Prime Minister Justin Trudeau attended a memorial march on Sunday that marked the one-year anniversary of a deadly attack on a Muslim family in London, Ontario.
Transport Minister Omar Alghabra was also among the attendees, made up of the family’s relatives and friends along with community members, who called on all levels of government to address Islamophobia.
The family of five was intentionally struck down by a driver during their evening walk in London on June 6, 2021, the police said at the time.
Salman Afzaal, 46; his wife Madiha Salman, 44; their 15-year-old daughter, Yumnah; and her 74-year-old grandmother, Talat Afzaal, died in attack described by the police as an intentional act of hate due to their Muslim faith. The family’s 9-year-old son was hurt but survived.
The event, organized by the Youth Coalition Combating Islamophobia, was founded by Maryam AlSabawi, a close friend of Yumnah, with a group of friends. The coalition, with the help of educators, has since developed a lesson plan on the issue of Islamophobia for use by teachers in their classes in London.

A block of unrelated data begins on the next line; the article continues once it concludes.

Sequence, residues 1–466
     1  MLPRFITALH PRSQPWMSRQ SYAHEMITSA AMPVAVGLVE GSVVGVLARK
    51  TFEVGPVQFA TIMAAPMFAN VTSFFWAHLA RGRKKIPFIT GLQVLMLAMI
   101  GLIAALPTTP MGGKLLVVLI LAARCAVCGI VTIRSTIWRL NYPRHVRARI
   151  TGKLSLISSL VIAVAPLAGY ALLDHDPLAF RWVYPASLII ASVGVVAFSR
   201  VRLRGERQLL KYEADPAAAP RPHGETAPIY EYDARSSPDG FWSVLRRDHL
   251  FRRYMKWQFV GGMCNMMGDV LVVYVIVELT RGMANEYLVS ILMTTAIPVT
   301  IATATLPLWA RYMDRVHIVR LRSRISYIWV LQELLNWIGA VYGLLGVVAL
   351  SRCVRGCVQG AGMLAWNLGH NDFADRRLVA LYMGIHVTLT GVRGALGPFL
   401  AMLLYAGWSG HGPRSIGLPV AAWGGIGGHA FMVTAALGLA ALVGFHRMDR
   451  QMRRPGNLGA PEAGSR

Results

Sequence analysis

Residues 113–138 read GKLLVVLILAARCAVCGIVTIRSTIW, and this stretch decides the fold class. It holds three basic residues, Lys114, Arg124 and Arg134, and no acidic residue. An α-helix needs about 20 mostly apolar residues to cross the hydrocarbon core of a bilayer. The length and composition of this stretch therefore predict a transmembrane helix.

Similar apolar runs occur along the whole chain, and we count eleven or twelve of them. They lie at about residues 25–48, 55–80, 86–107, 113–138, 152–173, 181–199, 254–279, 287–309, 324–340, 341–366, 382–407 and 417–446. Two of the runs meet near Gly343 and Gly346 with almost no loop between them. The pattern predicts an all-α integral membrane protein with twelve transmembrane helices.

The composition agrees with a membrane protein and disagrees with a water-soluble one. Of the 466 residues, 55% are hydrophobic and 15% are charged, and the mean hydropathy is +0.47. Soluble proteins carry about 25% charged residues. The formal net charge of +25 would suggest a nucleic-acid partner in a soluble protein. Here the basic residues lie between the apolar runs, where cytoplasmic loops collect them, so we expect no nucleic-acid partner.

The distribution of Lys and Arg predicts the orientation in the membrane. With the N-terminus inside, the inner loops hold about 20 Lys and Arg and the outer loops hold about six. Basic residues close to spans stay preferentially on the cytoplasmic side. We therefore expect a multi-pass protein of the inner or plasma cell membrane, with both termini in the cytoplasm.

Trudeau said his government has launched “a new anti-racism strategy and a national action plan to combat hate, which includes funding to the tune of millions of dollars [to] grassroots organizations, many of them Muslim, focused on fighting racism, intolerance, Islamophobia in communities across the country,” he said.
“We’re also launching a process to appoint Canada’s very first special representative on combating Islamophobia.”
Several other events were held on Sunday that commemorated the first anniversary of the tragedy. A vigil will be held Monday evening, June 6, at the crash site.
Nathaniel (Nate) Veltman, 21, of London is charged with four counts of first-degree murder and one of attempted murder. The case has not yet gone to trial.
The Canadian Press contributed to this report.